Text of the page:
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The Apology, written by Plato, describes the speech given by Socrates while on trial for impiety charges by Meletus and the state of Athens. In this account, Socrates makes the famous assertion that an unexamined life is not worth living. According to Socrates, an examined life is one that follows a philosophical approach to help understand ones self and to lead a more meaningful, truthful life. By trying to understand and get to know ourselves we are adding more value to our lives. From Socrates perspective, one may argue that the examined life is the only worthwhile life to live because goodness is linked with wisdom. If we didn’t question the world or why we act a certain way, how would we be able to reason and choose between right and wrong actions? Socrates argues that in order to achieve a good-life where we are happy is to seek self-knowledge and wisdom.



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Prior to that court hearing, Plato also accounts the encounter between Socrates and Euthyphro outside the court of Athens. Euthyphro, who claims to be an expert in holiness and religious matters, is set to prosecute his own father. Socrates asks for Euthyphro guidance on this matter and their conversation examines the question what is holiness and how Euthyphro’s claims are invalid. For example, Euthyphro states that what is agreed upon the gods is holy but Socrates refutes this by pointing out not everything is agreeable because the gods sometimes quarrel. Out of frustration from Socrates questions, Euthyphro leaves without being able to provide a valid answer. This encounter allows to us to realize that maybe there is no such thing as one definite feature of holiness. The inconclusive ending also may shed light on the fact that when trying to learn something, the teacher should not just give you the right answer, but rather lead you to be able to justify and explain the answer.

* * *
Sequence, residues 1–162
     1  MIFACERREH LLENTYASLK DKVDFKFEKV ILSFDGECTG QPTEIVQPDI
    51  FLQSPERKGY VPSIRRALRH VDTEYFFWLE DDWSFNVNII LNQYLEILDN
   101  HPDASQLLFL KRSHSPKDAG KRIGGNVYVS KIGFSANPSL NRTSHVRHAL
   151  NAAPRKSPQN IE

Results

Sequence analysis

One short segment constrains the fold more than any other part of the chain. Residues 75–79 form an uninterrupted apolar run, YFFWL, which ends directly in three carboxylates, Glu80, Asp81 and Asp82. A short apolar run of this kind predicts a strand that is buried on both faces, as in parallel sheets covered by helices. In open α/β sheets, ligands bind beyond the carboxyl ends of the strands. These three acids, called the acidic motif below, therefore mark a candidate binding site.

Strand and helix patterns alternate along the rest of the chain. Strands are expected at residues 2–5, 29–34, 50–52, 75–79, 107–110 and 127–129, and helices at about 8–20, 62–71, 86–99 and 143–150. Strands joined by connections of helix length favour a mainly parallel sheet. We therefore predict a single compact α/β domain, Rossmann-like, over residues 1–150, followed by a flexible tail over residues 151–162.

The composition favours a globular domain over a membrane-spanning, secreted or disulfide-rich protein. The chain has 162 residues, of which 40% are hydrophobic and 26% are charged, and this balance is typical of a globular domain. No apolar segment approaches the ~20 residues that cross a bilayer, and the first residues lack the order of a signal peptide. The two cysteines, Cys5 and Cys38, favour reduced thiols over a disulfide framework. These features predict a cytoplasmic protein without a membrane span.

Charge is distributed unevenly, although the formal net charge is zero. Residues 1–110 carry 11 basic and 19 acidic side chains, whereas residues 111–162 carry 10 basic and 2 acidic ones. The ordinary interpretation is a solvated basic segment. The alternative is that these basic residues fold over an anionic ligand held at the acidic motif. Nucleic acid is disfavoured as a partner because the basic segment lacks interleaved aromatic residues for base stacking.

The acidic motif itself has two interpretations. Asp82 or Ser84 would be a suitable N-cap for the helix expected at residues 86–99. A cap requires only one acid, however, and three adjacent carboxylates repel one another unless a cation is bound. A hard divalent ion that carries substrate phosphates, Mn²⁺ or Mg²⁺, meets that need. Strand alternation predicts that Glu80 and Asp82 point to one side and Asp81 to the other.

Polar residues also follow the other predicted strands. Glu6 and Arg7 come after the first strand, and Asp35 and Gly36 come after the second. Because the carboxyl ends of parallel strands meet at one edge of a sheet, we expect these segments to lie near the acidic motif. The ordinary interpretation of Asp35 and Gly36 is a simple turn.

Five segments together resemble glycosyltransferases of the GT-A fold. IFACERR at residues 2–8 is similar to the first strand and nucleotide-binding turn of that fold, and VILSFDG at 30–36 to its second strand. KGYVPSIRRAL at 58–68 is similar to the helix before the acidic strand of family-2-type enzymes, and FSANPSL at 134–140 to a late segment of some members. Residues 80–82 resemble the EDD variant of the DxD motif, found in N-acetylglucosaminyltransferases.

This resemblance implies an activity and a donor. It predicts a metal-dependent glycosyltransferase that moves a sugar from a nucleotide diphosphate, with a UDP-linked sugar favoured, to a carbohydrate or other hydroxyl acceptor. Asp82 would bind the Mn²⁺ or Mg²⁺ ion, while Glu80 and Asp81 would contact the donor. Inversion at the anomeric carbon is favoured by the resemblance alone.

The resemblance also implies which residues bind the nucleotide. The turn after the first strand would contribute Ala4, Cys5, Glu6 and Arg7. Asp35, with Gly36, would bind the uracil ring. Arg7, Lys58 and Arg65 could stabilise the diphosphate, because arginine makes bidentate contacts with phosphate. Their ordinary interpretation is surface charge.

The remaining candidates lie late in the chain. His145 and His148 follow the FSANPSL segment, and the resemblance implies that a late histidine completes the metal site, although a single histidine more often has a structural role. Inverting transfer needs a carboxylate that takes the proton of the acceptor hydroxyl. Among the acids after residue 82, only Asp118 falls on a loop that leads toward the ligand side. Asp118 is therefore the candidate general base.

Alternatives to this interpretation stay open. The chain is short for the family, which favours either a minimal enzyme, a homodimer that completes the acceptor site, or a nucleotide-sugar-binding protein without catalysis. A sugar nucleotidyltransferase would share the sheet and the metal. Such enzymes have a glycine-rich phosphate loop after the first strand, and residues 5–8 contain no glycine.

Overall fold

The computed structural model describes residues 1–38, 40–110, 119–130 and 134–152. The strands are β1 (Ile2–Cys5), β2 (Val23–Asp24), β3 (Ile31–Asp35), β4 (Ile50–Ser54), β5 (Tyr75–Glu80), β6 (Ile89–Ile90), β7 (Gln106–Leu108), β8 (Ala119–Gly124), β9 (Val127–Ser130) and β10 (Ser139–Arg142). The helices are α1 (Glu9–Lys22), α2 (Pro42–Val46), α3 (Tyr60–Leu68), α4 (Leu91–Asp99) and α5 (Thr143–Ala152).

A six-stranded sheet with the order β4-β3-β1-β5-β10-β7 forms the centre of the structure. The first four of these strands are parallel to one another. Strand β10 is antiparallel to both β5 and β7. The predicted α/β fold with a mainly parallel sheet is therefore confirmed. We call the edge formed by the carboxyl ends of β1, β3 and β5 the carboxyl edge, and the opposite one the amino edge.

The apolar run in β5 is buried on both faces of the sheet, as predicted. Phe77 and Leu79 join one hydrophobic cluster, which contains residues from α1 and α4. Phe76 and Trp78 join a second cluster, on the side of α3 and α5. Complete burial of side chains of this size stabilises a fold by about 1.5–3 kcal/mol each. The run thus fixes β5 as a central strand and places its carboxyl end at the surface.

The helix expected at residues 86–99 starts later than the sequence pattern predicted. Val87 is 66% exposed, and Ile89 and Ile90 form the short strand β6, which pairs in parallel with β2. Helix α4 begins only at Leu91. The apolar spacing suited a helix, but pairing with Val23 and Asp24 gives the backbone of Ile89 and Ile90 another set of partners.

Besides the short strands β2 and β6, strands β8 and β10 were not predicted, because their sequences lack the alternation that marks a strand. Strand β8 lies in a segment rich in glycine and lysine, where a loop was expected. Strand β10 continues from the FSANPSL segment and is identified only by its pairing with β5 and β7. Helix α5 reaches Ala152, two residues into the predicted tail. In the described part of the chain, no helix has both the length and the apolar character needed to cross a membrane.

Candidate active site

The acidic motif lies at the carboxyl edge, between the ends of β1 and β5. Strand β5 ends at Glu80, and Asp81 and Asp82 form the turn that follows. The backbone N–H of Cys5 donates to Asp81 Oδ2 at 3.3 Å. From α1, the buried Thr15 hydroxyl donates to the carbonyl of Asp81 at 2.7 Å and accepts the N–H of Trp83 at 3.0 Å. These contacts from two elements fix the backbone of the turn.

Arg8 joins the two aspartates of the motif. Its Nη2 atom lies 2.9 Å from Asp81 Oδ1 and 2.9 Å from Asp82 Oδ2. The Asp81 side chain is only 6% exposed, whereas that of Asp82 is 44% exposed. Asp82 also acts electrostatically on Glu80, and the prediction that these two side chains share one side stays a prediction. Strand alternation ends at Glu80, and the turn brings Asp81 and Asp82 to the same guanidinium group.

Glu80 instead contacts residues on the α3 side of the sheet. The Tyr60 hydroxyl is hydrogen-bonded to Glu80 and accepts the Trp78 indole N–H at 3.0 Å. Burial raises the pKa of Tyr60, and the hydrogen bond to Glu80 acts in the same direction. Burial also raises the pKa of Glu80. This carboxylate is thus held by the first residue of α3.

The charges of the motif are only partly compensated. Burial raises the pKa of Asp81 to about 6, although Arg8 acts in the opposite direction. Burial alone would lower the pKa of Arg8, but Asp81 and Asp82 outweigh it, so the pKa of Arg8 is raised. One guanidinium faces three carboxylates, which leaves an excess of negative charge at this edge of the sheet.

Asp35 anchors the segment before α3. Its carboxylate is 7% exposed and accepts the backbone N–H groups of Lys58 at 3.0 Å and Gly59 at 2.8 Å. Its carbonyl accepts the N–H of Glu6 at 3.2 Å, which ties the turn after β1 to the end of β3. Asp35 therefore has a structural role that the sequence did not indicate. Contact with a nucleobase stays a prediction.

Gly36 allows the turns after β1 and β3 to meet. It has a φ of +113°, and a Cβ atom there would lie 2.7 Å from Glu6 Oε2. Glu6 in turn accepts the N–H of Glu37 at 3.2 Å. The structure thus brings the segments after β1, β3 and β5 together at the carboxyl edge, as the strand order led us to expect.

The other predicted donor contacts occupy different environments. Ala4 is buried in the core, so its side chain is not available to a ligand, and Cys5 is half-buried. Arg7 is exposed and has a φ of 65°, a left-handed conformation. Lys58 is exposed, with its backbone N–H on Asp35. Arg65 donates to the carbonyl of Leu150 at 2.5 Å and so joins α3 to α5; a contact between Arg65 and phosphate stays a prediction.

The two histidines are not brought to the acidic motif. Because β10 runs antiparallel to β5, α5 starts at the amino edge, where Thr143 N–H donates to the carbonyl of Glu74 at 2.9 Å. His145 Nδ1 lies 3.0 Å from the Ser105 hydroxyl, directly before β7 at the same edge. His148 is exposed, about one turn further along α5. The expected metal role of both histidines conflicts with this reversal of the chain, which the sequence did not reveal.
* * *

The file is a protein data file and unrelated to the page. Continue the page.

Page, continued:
The apology and the Euthyphro center on the ideas of forming an arguments and being able to define and explain your evidence. This follows some of the common principles used in formulating a strong argument-based paper. According to Purdue OWL, an argumentative paper begins by establishing a thesis statement that is debatable and that people have different opinions on. This statement should be narrow and be able to be supported by evidence. The evidence chosen should be research based from credible sources that are accurate. To effectively present the data and your argument, follow an organized structure. A common organizational structure includes the Toulmin Method that follows in the order of Claim, Data, Warrant, Backing, Counterclaim, and Rebuttal (Perdue OWL, 2018). It is also important to remember to avoid logical fallacies, which can hinder the argument being presented. Common fallacies used in argumentative papers include Slippery slope, Hasty Generalization, Post Hoc ergo propter hoc, and Begging the claim. 

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